Before this series began, I wondered how Insight would be able to top the first series of Gatchaman Crowds - its story of the wonders and pitfalls of social media was both prescient and considered, and with a few minor exceptions was a comprehensive think piece on the subject that clearly communicated its ideas and points to consider wonderfully. Frankly, given its success I'm astonished to find myself writing that Gatchaman Crowds Insight is better - it takes on even bigger, more important subject matter, yet still makes it both compelling and thought-provoking in equal fashion.
There's so much to unpack about the show's subject matter than it needs a full-blown editorial rather than a review (now there's an idea..), but suffice it to say that this is a show that you absolutely should watch and fully consider as a work that takes in the role of politics, democracy and the media and how the relationships between them - and between all of us - shapes the socio-political landscape. At times this makes for a rather dark series, holding up a mirror as it does to the foibles for which we can all be held responsible for, and its story is told with an occasionally brave confidence as, for example, it discusses Japan's involvement in World War II in a manner which I've never seen directly addressed in this way within anime before.
The downside to the amount of things that Insight wants to cover and discuss is that it somewhat sidelines the Gatchaman crew themselves - Hajime in particular is notable by her absence as she spends much of the series simply as an observer, and aside from Tsubasa the rest of the gang only really kick into high gear on a couple of occasions. To be clear, this is actually a key part of the plot of the series - this group were assembled to protect Earth and do the bidding of the people to that end, so how should they respond when the demands of the public and their own thoughts and ethics fall into conflict? - but if you're looking for lots of high stakes action then you'll only find it serving to sandwich the meat of the show's content.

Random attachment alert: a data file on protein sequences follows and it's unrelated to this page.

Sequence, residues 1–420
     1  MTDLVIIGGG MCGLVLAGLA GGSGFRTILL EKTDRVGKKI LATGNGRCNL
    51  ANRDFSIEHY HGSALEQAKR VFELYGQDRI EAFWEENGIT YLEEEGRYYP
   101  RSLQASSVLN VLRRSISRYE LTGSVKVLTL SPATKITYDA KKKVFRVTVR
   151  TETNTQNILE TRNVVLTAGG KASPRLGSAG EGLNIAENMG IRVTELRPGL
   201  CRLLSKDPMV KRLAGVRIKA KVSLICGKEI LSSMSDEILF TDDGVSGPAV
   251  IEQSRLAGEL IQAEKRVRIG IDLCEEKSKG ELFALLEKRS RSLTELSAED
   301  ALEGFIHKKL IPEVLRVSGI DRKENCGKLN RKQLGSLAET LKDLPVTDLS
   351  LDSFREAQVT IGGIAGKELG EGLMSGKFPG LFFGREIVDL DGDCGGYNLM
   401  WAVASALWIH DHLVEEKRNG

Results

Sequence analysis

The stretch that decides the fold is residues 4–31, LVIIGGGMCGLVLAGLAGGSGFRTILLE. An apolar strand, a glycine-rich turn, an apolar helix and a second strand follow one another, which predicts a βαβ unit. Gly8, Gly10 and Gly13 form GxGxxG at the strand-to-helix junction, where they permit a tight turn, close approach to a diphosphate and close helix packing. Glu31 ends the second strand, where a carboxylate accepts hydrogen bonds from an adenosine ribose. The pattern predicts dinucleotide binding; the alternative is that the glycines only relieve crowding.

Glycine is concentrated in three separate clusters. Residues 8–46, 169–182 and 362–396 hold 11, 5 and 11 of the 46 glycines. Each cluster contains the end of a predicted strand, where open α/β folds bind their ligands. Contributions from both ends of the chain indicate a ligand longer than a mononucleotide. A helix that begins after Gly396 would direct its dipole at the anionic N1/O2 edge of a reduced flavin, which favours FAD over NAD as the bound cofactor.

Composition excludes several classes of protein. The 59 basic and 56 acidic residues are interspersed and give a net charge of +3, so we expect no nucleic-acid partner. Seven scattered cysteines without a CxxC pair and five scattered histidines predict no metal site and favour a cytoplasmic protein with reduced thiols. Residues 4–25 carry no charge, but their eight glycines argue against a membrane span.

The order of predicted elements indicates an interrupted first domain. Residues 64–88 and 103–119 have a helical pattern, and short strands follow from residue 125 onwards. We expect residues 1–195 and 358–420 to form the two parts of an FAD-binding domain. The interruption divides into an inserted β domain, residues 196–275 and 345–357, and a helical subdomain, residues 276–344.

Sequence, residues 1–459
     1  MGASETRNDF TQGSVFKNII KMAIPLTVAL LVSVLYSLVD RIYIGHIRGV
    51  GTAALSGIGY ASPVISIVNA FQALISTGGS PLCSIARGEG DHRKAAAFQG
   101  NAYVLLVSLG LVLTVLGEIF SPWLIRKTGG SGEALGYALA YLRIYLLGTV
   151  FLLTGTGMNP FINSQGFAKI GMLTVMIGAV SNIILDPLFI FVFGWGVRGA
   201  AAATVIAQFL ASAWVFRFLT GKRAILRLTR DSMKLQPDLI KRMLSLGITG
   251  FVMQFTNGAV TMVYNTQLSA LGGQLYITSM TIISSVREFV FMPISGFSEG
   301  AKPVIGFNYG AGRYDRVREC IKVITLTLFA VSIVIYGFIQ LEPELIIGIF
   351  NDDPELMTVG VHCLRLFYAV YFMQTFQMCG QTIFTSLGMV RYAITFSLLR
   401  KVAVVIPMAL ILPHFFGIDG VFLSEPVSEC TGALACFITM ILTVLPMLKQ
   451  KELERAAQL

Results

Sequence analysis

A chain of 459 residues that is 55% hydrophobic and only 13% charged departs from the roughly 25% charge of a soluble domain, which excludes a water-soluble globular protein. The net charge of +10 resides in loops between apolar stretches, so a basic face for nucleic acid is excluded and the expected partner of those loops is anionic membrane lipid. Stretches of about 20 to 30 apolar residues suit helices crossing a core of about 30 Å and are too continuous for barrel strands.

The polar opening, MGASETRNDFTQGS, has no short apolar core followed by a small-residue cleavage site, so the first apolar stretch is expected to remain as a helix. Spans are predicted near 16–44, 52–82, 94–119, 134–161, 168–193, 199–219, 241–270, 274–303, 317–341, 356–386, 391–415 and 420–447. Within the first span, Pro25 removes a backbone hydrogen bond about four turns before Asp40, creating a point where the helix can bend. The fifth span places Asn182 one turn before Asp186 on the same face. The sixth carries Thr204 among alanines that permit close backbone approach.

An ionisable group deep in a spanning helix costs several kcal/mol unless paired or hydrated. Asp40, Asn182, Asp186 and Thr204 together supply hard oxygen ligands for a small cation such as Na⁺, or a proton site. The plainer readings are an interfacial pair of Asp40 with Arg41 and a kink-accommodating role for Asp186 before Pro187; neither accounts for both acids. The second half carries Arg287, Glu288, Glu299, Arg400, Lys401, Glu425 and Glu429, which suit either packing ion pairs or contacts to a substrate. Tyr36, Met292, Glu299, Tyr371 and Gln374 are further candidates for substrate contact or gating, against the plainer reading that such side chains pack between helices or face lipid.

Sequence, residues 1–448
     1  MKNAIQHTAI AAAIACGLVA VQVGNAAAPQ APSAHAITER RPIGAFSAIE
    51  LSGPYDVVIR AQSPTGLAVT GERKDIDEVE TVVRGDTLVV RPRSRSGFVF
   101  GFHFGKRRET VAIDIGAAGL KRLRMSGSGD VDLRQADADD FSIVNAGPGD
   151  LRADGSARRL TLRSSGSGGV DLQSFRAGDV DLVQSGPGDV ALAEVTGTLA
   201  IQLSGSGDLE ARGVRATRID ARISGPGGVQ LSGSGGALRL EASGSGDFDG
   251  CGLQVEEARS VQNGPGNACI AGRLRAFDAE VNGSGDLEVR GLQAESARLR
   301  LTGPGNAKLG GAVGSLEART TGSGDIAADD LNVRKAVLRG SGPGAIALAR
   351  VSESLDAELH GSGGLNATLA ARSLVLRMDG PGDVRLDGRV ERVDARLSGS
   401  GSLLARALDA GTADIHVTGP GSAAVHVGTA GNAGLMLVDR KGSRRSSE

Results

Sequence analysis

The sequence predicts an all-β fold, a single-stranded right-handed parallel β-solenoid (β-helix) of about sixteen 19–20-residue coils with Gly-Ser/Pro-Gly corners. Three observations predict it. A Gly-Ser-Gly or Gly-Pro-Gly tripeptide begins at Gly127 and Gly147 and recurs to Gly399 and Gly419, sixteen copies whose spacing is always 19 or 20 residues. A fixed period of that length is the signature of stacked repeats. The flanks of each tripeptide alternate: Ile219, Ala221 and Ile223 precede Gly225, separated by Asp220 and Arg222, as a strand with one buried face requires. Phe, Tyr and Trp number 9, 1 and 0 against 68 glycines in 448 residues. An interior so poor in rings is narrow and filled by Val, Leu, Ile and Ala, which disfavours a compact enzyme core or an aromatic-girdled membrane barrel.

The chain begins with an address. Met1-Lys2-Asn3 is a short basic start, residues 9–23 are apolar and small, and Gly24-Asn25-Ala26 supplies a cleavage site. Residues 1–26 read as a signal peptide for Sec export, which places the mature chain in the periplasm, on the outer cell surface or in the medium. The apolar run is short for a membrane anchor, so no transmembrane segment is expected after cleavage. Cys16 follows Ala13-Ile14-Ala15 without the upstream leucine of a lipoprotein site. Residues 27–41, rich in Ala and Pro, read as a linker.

When those action scenes do take place however, they look great - a good example of CG done well for the most part to depict the Gatchaman team's transformed forms swoop and dart around in battle. The show as a whole also looks the part - its aesthetic is an untidy one that somehow fits it like a glove and gives a unique look to a unique series, and just like the first season this series does an amazing job of bringing its nebulous concepts to life in physical form when push comes to shove. Between its visuals and some fantastic performances across the show's cast, it's impossible not to be caught up in a story that is impactful at times and hugely emotional at others, which further feeds into its ability to deliver its ideas and messages with aplomb.
I really can't stress enough how much you should make the time to sit down and watch Gatchaman Crowds Insight - it's a delightful and occasionally depressing fountain of ideas, all of which it espouses without ever feeling like it's talking down to you or trying to persuade you to take its side in whatever debate its depicting. No matter whether you agree or disagree with its take on the state of the world and all of us who reside within it, its ultimate message is an important one, and it's ably backed up by a story which accentuates the impact of its points of discussion markedly.
You won't find a more thought-provoking anime than Gatchaman Crowds Insight this year, that much is certain, and by the end of it you might not look at the world and people around you in quite the same way ever again.
You can currently watch Gatchaman Crowds Insight in streaming form on Crunchyroll.